str_split — Convert a string to an array
str_starts_with — Checks if a string starts with a given substring
str_word_count — Return information about words used in a string
strcasecmp — Binary safe case-insensitive string comparison
strchr — Alias of strstr
strcmp — Binary safe string comparison
strcoll — Locale based string comparison
strcspn — Find length of initial segment not matching mask
strip_tags — Strip HTML and PHP tags from a string
stripcslashes — Un-quote string quoted with addcslashes
stripos — Find the position of the first occurrence of a 
case-insensitive substring in a string
stripslashes — Un-quotes a quoted string
stristr — Case-insensitive strstr
strlen — Get string length
strnatcasecmp — Case insensitive string comparisons using a "natural 
order" algorithm
strnatcmp — String comparisons using a "natural order" algorithm
strncasecmp — Binary safe case-insensitive string comparison of the 
first n characters
strncmp — Binary safe string comparison of the first n characters
strpbrk — Search a string for any of a set of characters
strpos — Find the position of the first occurrence of a substring in a 
strrchr — Find the last occurrence of a character in a string
strrev — Reverse a string
strripos — Find the position of the last occurrence of a 
case-insensitive substring in a string
strrpos — Find the position of the last occurrence of a substring in a 
strspn — Finds the length of the initial segment of a string consisting 
entirely of characters contained within a given mask
strstr — Find the first occurrence of a string
strtok — Tokenize string
strtolower — Make a string lowercase
strtoupper — Make a string uppercase
strtr — Translate characters or replace substrings
substr_compare — Binary safe comparison of two strings from an offset, 
up to length characters
substr_count — Count the number of substring occurrences
substr_replace — Replace text within a portion of a string
substr — Return part of a string
trim — Strip whitespace (or other characters) from the beginning and end 
of a string
ucfirst — Make a string's first character uppercase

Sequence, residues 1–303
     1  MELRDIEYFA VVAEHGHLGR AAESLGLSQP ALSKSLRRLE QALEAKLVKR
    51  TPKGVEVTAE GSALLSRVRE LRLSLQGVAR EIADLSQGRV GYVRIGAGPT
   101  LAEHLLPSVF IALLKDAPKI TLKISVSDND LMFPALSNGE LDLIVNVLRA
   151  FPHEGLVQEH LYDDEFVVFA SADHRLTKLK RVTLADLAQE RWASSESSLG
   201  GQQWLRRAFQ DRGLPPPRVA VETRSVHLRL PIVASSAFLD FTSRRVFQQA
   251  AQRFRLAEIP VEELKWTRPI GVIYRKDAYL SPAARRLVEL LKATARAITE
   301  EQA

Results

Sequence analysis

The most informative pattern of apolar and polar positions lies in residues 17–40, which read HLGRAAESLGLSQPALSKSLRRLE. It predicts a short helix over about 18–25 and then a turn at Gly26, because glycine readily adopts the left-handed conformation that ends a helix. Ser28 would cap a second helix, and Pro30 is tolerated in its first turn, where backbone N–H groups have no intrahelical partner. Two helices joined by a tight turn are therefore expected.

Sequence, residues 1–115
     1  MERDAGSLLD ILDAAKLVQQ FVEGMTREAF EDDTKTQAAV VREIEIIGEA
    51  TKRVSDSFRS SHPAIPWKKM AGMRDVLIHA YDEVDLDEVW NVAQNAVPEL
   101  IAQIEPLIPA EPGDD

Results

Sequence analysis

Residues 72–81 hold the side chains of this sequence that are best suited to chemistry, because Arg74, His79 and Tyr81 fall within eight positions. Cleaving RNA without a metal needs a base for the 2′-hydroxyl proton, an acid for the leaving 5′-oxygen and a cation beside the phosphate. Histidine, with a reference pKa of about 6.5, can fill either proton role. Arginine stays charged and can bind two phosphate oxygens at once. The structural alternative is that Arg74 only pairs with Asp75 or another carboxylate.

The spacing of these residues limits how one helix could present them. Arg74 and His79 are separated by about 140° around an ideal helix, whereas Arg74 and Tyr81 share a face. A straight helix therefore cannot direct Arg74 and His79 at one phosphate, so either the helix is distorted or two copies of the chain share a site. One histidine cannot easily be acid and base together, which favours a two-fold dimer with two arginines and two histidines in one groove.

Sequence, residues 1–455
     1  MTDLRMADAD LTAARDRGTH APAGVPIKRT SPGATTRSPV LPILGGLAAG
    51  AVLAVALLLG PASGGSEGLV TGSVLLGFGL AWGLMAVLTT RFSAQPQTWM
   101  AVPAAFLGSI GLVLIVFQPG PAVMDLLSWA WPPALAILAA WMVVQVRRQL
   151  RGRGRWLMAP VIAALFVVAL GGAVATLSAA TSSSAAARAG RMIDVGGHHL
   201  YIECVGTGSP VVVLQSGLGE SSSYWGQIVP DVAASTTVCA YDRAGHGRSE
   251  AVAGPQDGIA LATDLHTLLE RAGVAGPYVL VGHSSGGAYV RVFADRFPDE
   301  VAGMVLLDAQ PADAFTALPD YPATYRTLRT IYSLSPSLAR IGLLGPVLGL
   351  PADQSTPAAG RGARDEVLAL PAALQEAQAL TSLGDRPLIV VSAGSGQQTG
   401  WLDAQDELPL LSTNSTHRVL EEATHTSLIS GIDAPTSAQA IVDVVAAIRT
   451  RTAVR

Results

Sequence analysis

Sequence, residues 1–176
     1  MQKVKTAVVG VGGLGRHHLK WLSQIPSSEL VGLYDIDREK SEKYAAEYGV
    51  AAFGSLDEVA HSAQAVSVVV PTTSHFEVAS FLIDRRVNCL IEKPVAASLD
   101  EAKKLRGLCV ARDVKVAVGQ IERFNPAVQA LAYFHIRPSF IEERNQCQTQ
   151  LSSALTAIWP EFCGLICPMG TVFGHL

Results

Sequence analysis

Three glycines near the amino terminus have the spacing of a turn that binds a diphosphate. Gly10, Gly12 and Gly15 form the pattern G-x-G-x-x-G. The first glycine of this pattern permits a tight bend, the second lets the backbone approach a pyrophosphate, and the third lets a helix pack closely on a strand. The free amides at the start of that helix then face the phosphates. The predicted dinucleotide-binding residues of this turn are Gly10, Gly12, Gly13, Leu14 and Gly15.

ucwords — Uppercase the first character of each word in a string
vfprintf — Write a formatted string to a stream
vprintf — Output a formatted string
vsprintf — Return a formatted string
wordwrap — Wraps a string to a given number of characters

Appendix B.

mb_check_encoding — Check if strings are valid for the specified encoding
mb_chr — Get a specific character
mb_convert_case — Perform case folding on a string
mb_convert_encoding — Convert character encoding
mb_convert_kana — Convert "kana" one from another ("zen-kaku", 
"han-kaku" and more)
mb_convert_variables — Convert character code in variable(s)
mb_decode_mimeheader — Decode string in MIME header field
mb_decode_numericentity — Decode HTML numeric string reference to character
mb_detect_encoding — Detect character encoding
mb_detect_order — Set/Get character encoding detection order
mb_encode_mimeheader — Encode string for MIME header
mb_encode_numericentity — Encode character to HTML numeric string reference
mb_encoding_aliases — Get aliases of a known encoding type
mb_ereg_match — Regular expression match for multibyte string
mb_ereg_replace_callback — Perform a regular expression search and 
replace with multibyte support using a callback
mb_ereg_replace — Replace regular expression with multibyte support
mb_ereg_search_getpos — Returns start point for next regular expression 
mb_ereg_search_getregs — Retrieve the result from the last multibyte 
regular expression match
mb_ereg_search_init — Setup string and regular expression for a 
multibyte regular expression match
mb_ereg_search_pos — Returns position and length of a matched part of 
the multibyte regular expression for a predefined multibyte string
mb_ereg_search_regs — Returns the matched part of a multibyte regular 
mb_ereg_search_setpos — Set start point of next regular expression match
mb_ereg_search — Multibyte regular expression match for predefined 
multibyte string
mb_ereg — Regular expression match with multibyte support
mb_eregi_replace — Replace regular expression with multibyte support 
ignoring case
mb_eregi — Regular expression match ignoring case with multibyte support
mb_get_info — Get internal settings of mbstring
mb_http_input — Detect HTTP input character encoding
mb_http_output — Set/Get HTTP output character encoding
mb_internal_encoding — Set/Get internal character encoding
mb_language — Set/Get current language
mb_list_encodings — Returns an array of all supported encodings
mb_ord — Get code point of character
mb_output_handler — Callback function converts character encoding in 
output buffer
mb_parse_str — Parse GET/POST/COOKIE data and set global variable
mb_preferred_mime_name — Get MIME charset string
mb_regex_encoding — Set/Get character encoding for multibyte regex
mb_regex_set_options — Set/Get the default options for mbregex functions
mb_scrub — Description
mb_send_mail — Send encoded mail
mb_split — Split multibyte string using regular expression